Africa-Press – Liberia. Ben Town, Margibi County remains a battleground for environmental conservation, as Chinese rock quarry, Fengshou International, continues its destructive activities in the wetland area situated near the Scheifflin Military Barracks where the Marshall Road diverges from the Roberts International Highway. The company, censured last month by the Environmental Protection Agency (EPA) for building a makeshift road through the Marshall Wetlands, is now blasting rocks to service the ongoing RIA road expansion project.
A tall black man projects a warning through his megaphone: “If you are in your house, come outside, we are about to blast.” He is the walking alarm system set up by Fengshou to warn Ben Town residents to leave the area during the explosions. The quarry carries out blasting operations two or three times a day, forcing villagers to vacate their homes, during explosions.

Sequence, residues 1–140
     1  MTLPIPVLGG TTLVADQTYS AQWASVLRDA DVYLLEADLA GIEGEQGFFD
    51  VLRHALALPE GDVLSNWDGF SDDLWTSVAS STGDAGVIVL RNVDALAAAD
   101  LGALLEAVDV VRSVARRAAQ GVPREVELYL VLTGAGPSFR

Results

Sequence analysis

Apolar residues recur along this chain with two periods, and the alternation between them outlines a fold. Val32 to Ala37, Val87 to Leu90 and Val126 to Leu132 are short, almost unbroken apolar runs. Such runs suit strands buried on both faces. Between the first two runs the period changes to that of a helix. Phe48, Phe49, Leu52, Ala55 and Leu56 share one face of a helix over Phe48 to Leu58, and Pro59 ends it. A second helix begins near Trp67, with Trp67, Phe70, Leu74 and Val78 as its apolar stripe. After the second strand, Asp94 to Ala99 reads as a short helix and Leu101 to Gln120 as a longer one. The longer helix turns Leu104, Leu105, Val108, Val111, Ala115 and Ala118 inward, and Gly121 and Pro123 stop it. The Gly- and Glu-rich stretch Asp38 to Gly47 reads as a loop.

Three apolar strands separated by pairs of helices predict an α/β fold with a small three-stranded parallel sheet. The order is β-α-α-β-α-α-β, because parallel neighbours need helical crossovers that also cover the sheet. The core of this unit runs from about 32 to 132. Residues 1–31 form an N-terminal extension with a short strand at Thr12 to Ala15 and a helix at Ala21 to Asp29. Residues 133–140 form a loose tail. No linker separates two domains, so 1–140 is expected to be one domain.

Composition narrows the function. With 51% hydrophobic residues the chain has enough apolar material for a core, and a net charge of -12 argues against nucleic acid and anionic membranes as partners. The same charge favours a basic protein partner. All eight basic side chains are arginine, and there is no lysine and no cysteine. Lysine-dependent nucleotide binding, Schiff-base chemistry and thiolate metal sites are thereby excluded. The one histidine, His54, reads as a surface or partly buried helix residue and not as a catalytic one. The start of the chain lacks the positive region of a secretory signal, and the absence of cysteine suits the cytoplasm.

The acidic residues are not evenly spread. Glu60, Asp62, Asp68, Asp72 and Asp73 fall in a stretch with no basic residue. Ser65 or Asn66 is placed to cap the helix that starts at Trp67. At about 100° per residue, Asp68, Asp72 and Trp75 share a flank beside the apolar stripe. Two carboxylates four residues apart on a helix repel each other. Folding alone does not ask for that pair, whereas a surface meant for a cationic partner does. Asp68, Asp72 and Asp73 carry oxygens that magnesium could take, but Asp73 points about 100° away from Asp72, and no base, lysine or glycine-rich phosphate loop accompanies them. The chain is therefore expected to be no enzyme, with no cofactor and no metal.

“If they sound the warning, and you go there, anything happens to you, nobody is responsible,” said Musu Tulay. She is not alone. Residents say, regardless of their condition —whether ill or disabled — once the alarm is sounded, they must leave their houses immediately until the blasting stops. This warning can be issued at any time of the day, and without prior notice.
“We are living here in fear because of the blasting. They are treating us like animals,” Esther Johnson says. She is not just referring to the thunderous sound of the explosions. She and her neighbors now eat, sleep, and breathe the impacts of Fengshou’s rock crushing activity.
Each blast emits billows of white dust that lingers in the air over Ben Town and its environs, several hours after the fact. Residents inevitably inhale and imbibe the dust, raising questions regarding long term respiratory effects of the Chinese company’s activities.